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Cubicle comedy craze continues on The Office

Chris McGrady | Wednesday, September 5, 2007

The third season of “The Office” is right in line with the previous two: irreverent, random and completely hilarious.

In the third helping of the Americanized version of the popular British show, Michael Scott (Steve Carell) is back and more ridiculous than ever, flitting through the show with the same kind of politically incorrect banter that has made him one of the most popular characters on television.

For the half a dozen people in America who have yet to catch at least part of the show, “The Office” follows the exploits of a team of employees at Dunder-Mifflin, a local paper supply company in Scranton, Pa. Scott is the hapless leader of the bunch, a caricature of every known fault in every boss across the country. He’s inappropriate, clueless and helpless, all at the same time. His right hand man is Dwight K. Schrute, played by Rainn Wilson. Jim Halpert (John Krasinski) is the most normal of the male characters in the show, and plays a sarcastic salesman. Halpert is paired with Pam Beasley (Jenna Fischer), the lead lady on the series.

Seasons One and Two established “The Office” as one of the most intelligent shows on television. Largely avoiding the slapstick humor that many situational comedies rely on, “The Office” instead creates the type of awkward humor that most anyone can relate to and is filmed in a mockumentary style. What sets the show apart from other sitcoms is its dialogue. In fact, members of the cast have written many of the episodes and the talent shows.

Season Three picks up where the second season left off. The first episode is one of the funniest, where one of the office employees comes out as a homosexual. Not surprisingly, Michael does not handle the situation well – creating a hilarious number of situations. Meanwhile, Jim has transferred to a new office and a new set of characters joins the show, which keeps things fresh.

Midway through the season, the two offices merge. This episode, thoughtfully dubbed “The Merger,” is one of the best of the season. In Michael’s attempts to welcome the new employees, he once again creates a number of awkward and hilarious situations. By the end of the day, only two employees from the outside branch remain, and Michael is clueless as to why.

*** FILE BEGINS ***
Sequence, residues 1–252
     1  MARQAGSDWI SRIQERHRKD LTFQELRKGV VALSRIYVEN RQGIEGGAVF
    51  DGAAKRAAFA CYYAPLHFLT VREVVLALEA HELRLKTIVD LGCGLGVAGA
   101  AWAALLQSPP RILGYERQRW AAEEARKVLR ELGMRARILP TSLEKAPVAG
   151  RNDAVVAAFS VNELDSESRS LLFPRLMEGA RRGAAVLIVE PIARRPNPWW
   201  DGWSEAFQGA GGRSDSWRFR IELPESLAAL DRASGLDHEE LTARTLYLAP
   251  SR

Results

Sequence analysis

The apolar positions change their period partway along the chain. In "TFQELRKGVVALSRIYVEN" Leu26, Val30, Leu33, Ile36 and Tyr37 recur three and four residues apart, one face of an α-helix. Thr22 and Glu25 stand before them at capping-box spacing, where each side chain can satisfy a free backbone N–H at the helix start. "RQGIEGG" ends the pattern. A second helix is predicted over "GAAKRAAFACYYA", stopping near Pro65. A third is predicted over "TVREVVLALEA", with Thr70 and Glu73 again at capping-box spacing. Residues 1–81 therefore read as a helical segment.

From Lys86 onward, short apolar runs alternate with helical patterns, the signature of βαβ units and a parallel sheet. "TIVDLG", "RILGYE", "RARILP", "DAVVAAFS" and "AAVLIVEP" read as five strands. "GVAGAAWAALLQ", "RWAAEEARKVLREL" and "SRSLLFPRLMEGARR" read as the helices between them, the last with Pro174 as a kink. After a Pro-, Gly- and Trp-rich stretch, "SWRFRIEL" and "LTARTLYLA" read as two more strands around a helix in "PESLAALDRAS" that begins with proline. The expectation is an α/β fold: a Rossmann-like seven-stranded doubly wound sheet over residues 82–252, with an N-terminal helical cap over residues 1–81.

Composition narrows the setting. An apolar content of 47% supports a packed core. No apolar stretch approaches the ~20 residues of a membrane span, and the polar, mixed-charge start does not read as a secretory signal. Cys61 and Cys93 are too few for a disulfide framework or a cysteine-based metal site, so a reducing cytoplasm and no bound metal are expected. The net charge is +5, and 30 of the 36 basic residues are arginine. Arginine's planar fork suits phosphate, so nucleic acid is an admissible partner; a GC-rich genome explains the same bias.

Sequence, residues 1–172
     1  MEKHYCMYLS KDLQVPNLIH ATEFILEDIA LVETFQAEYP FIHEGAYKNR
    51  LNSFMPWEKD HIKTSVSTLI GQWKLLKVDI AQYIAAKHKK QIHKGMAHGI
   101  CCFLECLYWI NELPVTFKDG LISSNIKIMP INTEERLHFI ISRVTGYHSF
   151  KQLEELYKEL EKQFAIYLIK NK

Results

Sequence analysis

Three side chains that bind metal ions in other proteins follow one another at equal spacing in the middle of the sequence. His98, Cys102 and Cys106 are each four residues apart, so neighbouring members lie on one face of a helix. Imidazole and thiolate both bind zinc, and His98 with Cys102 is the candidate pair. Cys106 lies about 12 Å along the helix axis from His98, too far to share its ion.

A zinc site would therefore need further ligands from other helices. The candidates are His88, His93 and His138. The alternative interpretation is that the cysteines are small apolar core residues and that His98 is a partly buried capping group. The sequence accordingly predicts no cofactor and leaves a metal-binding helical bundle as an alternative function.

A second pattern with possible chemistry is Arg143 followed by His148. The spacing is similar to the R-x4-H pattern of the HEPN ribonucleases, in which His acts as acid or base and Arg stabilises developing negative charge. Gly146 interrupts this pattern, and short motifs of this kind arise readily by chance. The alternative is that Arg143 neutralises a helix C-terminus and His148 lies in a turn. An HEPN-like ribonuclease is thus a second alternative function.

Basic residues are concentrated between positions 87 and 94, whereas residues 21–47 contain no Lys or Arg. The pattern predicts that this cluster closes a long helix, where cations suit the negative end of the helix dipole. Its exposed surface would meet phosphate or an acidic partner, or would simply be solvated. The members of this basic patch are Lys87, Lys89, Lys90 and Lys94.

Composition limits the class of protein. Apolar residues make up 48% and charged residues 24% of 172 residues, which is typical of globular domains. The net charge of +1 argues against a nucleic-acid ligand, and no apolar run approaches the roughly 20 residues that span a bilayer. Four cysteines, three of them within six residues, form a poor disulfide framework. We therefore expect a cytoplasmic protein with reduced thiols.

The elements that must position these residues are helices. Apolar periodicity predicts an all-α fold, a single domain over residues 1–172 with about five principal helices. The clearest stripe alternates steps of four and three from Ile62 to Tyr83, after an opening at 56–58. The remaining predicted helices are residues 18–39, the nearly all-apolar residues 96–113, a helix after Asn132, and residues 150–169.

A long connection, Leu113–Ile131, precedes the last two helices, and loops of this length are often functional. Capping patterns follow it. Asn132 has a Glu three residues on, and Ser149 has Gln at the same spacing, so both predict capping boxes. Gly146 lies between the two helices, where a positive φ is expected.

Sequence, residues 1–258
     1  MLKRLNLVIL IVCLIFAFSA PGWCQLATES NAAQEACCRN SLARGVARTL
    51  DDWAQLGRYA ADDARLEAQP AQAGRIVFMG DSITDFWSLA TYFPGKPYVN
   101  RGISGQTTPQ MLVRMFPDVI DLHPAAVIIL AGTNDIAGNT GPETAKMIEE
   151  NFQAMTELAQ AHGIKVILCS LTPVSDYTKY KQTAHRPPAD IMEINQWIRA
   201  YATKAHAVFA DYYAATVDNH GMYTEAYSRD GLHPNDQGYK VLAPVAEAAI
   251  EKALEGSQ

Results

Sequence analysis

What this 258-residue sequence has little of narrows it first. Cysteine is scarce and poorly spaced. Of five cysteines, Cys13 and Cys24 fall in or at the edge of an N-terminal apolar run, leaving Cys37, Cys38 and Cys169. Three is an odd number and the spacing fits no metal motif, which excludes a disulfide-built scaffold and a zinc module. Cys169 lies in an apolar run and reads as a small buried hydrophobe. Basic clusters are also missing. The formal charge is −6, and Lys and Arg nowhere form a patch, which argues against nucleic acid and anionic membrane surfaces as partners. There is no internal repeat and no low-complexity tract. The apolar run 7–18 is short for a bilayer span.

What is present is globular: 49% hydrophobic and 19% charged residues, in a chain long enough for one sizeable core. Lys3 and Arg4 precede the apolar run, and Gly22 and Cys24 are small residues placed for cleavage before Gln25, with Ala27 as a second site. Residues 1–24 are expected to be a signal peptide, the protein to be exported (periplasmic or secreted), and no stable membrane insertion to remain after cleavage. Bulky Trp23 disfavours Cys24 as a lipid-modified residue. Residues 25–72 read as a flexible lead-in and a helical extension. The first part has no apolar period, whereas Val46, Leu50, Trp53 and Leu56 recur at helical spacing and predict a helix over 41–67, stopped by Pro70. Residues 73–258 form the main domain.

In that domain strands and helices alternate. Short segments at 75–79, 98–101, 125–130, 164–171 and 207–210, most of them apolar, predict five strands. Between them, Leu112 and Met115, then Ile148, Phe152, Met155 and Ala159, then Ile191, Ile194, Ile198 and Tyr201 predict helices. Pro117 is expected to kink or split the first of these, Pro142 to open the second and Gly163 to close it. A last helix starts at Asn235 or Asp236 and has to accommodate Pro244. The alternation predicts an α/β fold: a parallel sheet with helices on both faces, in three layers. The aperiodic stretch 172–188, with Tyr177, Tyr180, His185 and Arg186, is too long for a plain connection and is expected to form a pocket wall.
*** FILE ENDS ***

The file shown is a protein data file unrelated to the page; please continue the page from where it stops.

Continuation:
Employee Andy Bernard, played by Ed Helms, is a major addition to the show. The former glee club singer and Cornell grad (you can bet he won’t let you forget it) is one of the show’s most entertaining characters, and his constant battles with Dwight for Michael’s attention create some of the best episodes of the season. Other high points are the episodes “The Coup,” “The Initiation,” “Booze Cruise” and the doubly long season finale, “A Benihana Christmas.”

The only problem with the show is that Michael is almost too absurd. In Seasons One and Two, Michael’s humor was more subtle, and relied on sarcasm and awkward situations. In Season Three, Michael is more “in-your-face,” and this goes over with mixed results.

Fortunately, even his down moments are hilarious. Overall, Michael Scott is still the character that everyone will love – if not for his hilarious personality, then for his dead-on portrayal of the typical office boss. Any person who has worked in an office will have an appreciation for just how realistic some of Michael’s actions are.

The third edition of “The Office” is just as stellar as the first two. Quick hitting, poignant and impressively written, the third season is amazingly well done and fully exhibits why “The Office” remains one of the best and most watched shows on television.